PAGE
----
Rising 3L American University Washington College of Law student Mike Orlando represented NIMJ as an official observer in Guantanamo Bay this week. Here is his initial report:
The latest hearing in Noor Uthman Muhammed’s military commission convened yesterday morning. The Accused did not attend, and the hearing’s first few minutes were spent establishing that Noor’s absence was, indeed, knowing and voluntary. The hearing was set to discuss discovery, issues regarding the continuity of Noor’s representation by MAJ Amy Fitzgibbons, and a defense motion for the appointment of a psychological expert.
However, by the time the hearing began, the defense and the government had made sufficient progress regarding the discovery issues that neither party desired to argue those issues in court. MAJ Fitzgibbons’ status as one of Noor’s counsel was resolved in the days leading up to the hearing. MAJ Fitzgibbons had been taken off of Noor’s case by the Army when she changed jobs within the service. A new agreement allows MAJ Fitzgibbons to remain as Noor’s defense counsel. The only issue left to discuss was the defense motion to appoint a psychological expert consultant.
The court heard first from the defense, which made a point of asking for Dr. Ghannam specifically. LCDR Doxakis, the other military counsel assigned to Noor’s case, outlined several reasons for appointing this expert. First, the defense argued that Noor may be suffering from Post-Traumatic Stress Disorder and depression as a result of the “unique” conditions of confinement and interrogation to which Noor had been subjected. LCDR Doxakis also noted that Noor has been prescribed psychiatric medication, although there is no evidence he received a psychiatric evaluation. The second reason LCDR Doxakis cited for appointing Dr. Ghannam to the case was that Noor suffers from chronic pain, and that this could be a symptom of an undiagnosed mental health problem. Third, Dr. Ghannam would be utilized to assess the voluntariness of Noor’s statements made while under interrogation. In addition, Dr. Ghannam might be used in the sentencing phase of the commission to testify in mitigation, should Noor be convicted. LCDR Doxakis noted that Noor’s statements were the lynchpin of the government’s case against him, and that an expert was needed to adequately prepare for the introduction of those statements by the government. The defense noted that Dr. Ghannam was uniquely qualified to serve as an expert, because he had previously worked with detainees released from Guantanamo and speaks Arabic. Finally, the defense asked that Dr. Ghannam be pre-approved to provide 200 hours of work, so as to avoid the necessity of having a hearing to approve work every time the defense needed it.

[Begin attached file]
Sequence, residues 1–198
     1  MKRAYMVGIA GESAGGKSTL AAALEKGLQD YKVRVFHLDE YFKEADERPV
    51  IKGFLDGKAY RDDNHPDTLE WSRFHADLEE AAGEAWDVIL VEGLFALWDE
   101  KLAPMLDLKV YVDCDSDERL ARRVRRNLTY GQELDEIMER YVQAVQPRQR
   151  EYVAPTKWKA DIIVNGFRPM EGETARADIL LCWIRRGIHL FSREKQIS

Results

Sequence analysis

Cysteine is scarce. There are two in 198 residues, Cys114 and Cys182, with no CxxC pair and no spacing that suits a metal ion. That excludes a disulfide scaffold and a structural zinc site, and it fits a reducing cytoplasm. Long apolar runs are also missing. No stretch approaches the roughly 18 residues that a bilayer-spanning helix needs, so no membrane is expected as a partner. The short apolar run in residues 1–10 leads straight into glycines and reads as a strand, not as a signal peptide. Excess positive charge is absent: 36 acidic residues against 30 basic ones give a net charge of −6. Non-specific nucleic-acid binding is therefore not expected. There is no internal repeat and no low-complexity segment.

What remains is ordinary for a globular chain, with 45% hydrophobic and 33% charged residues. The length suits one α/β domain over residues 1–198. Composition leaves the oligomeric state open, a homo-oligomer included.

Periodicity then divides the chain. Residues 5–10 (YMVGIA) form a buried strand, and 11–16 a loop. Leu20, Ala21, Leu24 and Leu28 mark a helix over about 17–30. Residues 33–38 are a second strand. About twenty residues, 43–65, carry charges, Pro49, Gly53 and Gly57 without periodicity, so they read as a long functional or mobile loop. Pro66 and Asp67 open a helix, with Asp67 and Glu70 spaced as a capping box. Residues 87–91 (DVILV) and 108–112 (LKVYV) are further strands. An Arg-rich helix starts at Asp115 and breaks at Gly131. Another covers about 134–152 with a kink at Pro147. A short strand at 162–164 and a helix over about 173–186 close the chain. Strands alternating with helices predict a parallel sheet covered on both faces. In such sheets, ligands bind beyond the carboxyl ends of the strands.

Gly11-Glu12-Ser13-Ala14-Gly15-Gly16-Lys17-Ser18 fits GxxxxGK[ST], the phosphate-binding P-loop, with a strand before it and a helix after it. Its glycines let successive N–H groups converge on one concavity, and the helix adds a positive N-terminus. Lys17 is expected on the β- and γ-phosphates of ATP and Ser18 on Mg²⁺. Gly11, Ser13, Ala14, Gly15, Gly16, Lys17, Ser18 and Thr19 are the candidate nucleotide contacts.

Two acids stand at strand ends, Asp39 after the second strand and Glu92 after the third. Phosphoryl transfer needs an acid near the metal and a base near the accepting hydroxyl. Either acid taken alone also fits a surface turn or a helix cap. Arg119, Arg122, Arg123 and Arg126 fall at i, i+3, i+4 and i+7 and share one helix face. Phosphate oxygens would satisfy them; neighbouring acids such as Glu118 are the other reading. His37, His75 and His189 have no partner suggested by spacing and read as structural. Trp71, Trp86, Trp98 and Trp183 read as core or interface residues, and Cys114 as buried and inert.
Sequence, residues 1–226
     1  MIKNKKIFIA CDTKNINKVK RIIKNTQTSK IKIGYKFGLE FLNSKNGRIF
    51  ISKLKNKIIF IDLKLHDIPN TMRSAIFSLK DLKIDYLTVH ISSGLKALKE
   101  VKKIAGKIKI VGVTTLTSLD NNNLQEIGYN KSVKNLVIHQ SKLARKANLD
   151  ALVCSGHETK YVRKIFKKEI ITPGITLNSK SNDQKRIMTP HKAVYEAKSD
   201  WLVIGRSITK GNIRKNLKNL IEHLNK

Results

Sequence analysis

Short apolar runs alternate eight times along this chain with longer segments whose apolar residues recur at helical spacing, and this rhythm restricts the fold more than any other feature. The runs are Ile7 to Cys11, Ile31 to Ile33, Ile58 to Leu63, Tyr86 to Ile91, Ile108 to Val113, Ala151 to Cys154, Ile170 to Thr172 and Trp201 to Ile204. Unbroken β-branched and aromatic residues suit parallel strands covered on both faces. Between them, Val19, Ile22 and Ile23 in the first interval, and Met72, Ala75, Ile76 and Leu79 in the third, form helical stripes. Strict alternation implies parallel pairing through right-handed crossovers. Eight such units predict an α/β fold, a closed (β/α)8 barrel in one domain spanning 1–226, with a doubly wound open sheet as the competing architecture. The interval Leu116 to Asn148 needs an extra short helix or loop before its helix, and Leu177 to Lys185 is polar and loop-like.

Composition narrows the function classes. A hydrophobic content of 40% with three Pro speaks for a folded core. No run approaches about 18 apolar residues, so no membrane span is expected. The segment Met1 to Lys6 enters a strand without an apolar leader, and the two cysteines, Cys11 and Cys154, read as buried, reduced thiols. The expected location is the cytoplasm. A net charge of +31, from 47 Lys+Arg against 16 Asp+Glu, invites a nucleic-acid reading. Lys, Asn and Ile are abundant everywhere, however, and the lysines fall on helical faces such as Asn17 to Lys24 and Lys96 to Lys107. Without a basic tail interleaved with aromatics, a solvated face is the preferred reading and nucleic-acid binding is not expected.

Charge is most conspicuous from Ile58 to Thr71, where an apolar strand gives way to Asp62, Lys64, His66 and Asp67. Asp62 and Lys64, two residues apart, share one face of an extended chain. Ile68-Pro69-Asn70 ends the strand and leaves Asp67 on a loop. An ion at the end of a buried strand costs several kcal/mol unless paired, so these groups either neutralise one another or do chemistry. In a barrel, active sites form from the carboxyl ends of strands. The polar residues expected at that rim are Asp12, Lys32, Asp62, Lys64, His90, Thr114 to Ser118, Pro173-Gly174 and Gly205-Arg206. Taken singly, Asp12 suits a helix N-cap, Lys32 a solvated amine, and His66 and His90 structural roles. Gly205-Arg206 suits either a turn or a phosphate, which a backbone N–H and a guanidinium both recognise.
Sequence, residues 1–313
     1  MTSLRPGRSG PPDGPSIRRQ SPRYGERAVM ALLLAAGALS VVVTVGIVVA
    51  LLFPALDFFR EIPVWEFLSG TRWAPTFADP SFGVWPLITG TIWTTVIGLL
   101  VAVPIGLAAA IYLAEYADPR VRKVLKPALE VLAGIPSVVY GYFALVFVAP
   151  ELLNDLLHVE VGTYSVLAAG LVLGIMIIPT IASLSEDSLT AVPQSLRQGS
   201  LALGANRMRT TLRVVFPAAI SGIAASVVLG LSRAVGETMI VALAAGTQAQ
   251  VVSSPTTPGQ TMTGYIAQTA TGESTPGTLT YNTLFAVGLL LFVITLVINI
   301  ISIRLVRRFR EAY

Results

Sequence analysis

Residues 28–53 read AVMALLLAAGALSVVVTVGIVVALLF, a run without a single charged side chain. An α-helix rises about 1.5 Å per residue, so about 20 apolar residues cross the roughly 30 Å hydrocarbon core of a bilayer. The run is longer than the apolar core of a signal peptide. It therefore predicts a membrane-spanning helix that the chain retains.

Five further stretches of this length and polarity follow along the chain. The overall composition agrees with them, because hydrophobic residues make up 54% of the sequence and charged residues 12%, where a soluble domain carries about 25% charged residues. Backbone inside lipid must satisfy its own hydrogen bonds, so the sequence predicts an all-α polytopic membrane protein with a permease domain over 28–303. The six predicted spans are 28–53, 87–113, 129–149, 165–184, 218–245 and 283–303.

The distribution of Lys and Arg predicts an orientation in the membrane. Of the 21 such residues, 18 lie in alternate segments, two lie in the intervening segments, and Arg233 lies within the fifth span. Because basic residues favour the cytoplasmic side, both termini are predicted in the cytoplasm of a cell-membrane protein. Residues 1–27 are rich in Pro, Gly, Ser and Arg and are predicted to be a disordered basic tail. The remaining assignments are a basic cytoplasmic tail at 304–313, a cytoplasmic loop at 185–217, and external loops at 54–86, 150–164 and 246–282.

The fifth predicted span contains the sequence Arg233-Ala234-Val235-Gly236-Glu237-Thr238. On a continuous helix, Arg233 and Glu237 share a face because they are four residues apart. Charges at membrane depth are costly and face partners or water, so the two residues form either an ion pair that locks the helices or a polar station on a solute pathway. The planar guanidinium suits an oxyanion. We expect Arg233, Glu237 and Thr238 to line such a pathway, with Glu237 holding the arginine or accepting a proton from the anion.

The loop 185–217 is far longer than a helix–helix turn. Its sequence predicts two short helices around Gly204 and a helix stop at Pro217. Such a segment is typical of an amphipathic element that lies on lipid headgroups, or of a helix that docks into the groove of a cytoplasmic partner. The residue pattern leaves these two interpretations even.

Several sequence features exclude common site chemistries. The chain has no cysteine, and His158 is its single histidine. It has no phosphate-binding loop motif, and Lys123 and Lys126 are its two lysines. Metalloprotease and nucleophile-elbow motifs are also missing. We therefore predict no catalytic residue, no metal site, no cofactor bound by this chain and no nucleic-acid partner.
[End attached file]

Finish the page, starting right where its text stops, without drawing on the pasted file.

The government took the position that the defense had not made a sufficient showing to support their request for an expert to be attached to their team. LCDR Arthur Gaston, the lead counsel for the government, also asserted that the motion should not be granted because the expert’s help in developing a theory of the case alone did not warrant spending taxpayer dollars. LCDR Gaston then argued that, if the defense could assert specifics about the case, that an examination should be made at an RMC 706 hearing to determine mental competency and responsibility.
The defense responded that they had provided enough specific information in their motion to support the appointment of a psychological expert and that the government had been given adequate time to suggest an alternative to Dr. Ghannam, which it was unable to do. With that, the judge announced that she would take the motion under advisement and rule at a later date. The next hearing in Noor’s case will take place in late September.
For a more in-depth analysis of this hearing, look for the next installment of NIMJ Reports from Guantanamo.